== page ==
Famous for having rudely dismissed Led Zeppelin’s first two LPs in Rolling Stone, John Mendelsson somehow avoided being hexed by their touchy guitarist but probably still watched his back when we last dined together, in 2004 in Holland Park, a stone’s throw from The Tower House. The occasion was to celebrate the publication of his Omnibus Press book Waiting For Kate Bush which opened with an unlikely story about a Bush fan threatening to throw himself from a tall building unless Kate herself appeared to talk him down. Eventually a policeman who was also a fan appeared on the scene and, after a conversation about the arcane tributaries of her career, he came down without the need for La Bush to rouse herself. The originality of this approach persuaded me to sign up the book.
I first became aware of John through The Kink Kronikles, a 1972 double compilation LP which he compiled on behalf of the group and for which he wrote some of the best sleeve notes you’ll read anywhere. Deliberately eschewing their earliest singles, it remains the most thoughtful Kinks collection ever assembled. He was also partial to The Who, at least until they became a stadium band, and gave a helping hand to David Bowie before anyone else in America knew who he was.
John also belongs to that bold assemblage of music writers who juggle a musical career with occasional blasphemous ravings in print and lately he’s pressed me into service to draw attention to The Internettes, a duo that comprises himself and his partner, Dame Zelda Hyde, who sings while John does everything else, writing the songs and arranging them.
Now in the normal scheme of things your man at Just Backdated is likely to ignore such requests but the truth is I was charmed by the songs and, if you’re prepared to overlook the rather amateurish backings tracks – probably sourced from one of those electronic keyboards that do everything if you press the right buttons – you might as well.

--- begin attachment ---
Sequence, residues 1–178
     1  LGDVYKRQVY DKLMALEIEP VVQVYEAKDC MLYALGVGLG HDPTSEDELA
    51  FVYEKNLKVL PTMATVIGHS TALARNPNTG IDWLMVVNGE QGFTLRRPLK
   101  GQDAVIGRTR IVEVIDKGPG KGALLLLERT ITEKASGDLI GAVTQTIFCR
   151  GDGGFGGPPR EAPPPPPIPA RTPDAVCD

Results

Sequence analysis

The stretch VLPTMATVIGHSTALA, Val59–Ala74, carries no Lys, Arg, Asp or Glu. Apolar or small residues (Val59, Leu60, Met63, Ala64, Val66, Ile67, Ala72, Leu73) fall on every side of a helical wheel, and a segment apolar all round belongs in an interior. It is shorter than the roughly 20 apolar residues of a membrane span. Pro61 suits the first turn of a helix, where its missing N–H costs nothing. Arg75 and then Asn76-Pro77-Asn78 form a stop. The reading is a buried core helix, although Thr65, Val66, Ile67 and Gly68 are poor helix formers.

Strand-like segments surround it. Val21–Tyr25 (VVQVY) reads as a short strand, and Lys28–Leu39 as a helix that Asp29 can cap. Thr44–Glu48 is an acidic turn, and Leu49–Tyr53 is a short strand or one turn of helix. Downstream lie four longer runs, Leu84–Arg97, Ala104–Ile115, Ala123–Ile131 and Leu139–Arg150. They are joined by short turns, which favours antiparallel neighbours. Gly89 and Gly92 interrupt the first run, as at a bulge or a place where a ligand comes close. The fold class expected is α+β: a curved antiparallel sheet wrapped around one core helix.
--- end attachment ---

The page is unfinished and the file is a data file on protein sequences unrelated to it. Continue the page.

Showing impeccable taste, Dame Zelda has a strangely deep, slightly melancholy voice and manages to sound like a cross between Debbie Harry, Frida from Abba, Dusty Springfield and Marlene Dietrich, all crossed with a hint of Phil Spector though it’s not so much a wall of sound, more a small barrier. If anything it's a homage to the pre-Beatles girl groups, just the sort of thing that drew John towards his vocation in life. There are hints of Stephen Foster (‘Irish Spring’), fifties musicals (‘Petticoat Lane’) and film noire (‘A Gangster’s Moll’) and, as you would expect from a subversive character like John, the lyrics on those songs that avoid matters of the heart deal with his pet peeves: organised religion (‘The Jesus Who Loves Me’ and ‘Aqmed’) and Trump/Fox News (‘When The Monsters Smothered In His Sleep’). Also, oddly, the cock crowing on ‘The Hired Hand’, a song about menial servitude, sounds like it was sampled from the beginning of The Beatles ‘Good Morning’ on Pepper.
It’s all lots of fun, even if the backing tracks get a bit repetitive after a while. Still, that’s more than compensated for by the lingering taste of Dame Zelda’s haunting vocals. In a note to me last week John, delivered in his characteristic brand of sardonic tongue-in-cheekness, John suggested I use the phrase, ‘A work of life-transforming brilliance no home should be without’, which is going a bit far but I couldn’t help thinking how different his life would have been if only he’d said that about Led Zeppelin II.
A taste of The Internettes can be found here, along with a helpful pictorial guide to their influences: